You are smart but can you make money?

It may sound like children’s taunting, make no mistake, it is. But we all have heard this before, directly or indirectly. It is the childish taunt,

“Well if you are so smart, why aren’t you making more money than I do?”

Some of the researchers asked exactly that question. Well not exactly and definitely not to their fellow researchers with more citations but making less money than themselves. They asked,

“Does intelligence drive future career success as measured by income”

Instead of doing just one study, they did a meta-analysis, a statistical summary of 85 existing data sets collected by other similar studies, and conclude that

“There is only 20% correlation between intelligence and future income, showing very low predictability”

Not to mention finding correlation is not an indication of causation.

Well it still does not answer the original question we face but at least we can try to explain how only 4% of income variation can be explained by changes in intelligence.

One more thing, next time you hear advice on “hard work, do your best, etc.” think of this statistic. There is more to getting ahead than just intelligence.


If our best ideas come in the shower

I write this from my shower. In fact I decided to stay there forever. This is because I recently came to know about science of creativity and dopamine patterns in showers. Quoting none other than an eminent neuroscientist, a startup founder writes,

Alice Flaherty, one of the most renowned neuroscientists researching creativity has an answer for us. Another ingredient, that’s very important for us to be creative is dopamine: The more dopamine that is released, the more creative we are, she says.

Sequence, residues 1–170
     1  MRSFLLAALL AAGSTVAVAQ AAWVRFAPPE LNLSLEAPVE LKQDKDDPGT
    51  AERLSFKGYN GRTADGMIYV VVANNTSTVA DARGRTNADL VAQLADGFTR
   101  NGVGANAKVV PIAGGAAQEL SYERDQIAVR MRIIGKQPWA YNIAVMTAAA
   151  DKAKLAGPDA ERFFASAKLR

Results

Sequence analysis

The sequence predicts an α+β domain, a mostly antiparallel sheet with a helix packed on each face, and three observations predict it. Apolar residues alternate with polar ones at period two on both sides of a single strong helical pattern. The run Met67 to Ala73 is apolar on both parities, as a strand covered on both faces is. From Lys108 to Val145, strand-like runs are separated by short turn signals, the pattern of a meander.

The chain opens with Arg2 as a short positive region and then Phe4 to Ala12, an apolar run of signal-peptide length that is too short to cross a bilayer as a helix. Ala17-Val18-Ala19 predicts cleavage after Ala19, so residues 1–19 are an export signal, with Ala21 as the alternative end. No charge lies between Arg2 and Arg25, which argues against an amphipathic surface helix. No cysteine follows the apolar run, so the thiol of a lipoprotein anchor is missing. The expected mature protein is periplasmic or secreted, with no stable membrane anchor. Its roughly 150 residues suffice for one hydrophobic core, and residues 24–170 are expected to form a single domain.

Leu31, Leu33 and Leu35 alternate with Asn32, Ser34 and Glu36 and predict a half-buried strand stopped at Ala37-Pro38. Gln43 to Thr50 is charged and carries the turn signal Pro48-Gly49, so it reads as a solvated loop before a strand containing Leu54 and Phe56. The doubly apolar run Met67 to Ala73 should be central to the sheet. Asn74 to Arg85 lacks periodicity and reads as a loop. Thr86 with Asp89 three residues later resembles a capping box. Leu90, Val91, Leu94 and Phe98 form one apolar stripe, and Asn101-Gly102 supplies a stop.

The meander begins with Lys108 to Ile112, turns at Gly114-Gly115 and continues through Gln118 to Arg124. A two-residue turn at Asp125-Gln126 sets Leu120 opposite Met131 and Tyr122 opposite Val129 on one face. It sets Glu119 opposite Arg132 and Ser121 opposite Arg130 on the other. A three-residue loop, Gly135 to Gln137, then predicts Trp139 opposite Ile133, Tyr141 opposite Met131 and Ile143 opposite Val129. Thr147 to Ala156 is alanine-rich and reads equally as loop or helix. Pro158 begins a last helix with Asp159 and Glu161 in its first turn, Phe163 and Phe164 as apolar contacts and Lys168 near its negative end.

And any lingering doubt I had was expunged when I saw the accompanying colorful brain imagery showing which areas of the brain are working hard while thinking big creative thoughts.

You likely are more skeptical than I am and you may not be convinced at this point. That is where Jonah Lehrer, eminent author and expert on creativity and Bob Dylan, comes.  The said article adds Lehrer’s findings,

‘.. a relaxed state of mind is absolutely important to be creative. That’s why so many insights happen during warm showers,’ Bhattacharya says. ‘For many people, it’s the most relaxing part of the day.’

I bet Lehrer found listening to Bob Dylan very relaxing.

There you have it. You we get our best ideas in the shower.

But then I was reading that article outside of shower and believed it. Clearly, it can’t be my best idea. Because the article says our best ideas are in the shower. Here is my idea from the shower. It is better than my idea to believe that piece on creativity, because it is the best.

Yes there is dopamine association. But to draw causation is another. Here is an evidence based research testing this causal link (the dopamine creativity causal link is based on another flawed study that found dopamine system in creative people is similar to that of schizophrenics)

Research on dopamine concentrations in postmortem brain tissue, on homovanillic acid concentrations, and on dopamine receptors has been negative or inconclusive. Therefore, the idea that the symptoms of psychosis or schizophrenia are caused by the overactivity of dopamine is not supported by current evidence.

But what about that colorful brain imagery? All that scans of people working on creative problem solving? Vaughan Bell, a neuropsychologist and researcher at King’s College London,  writes in Gaurdian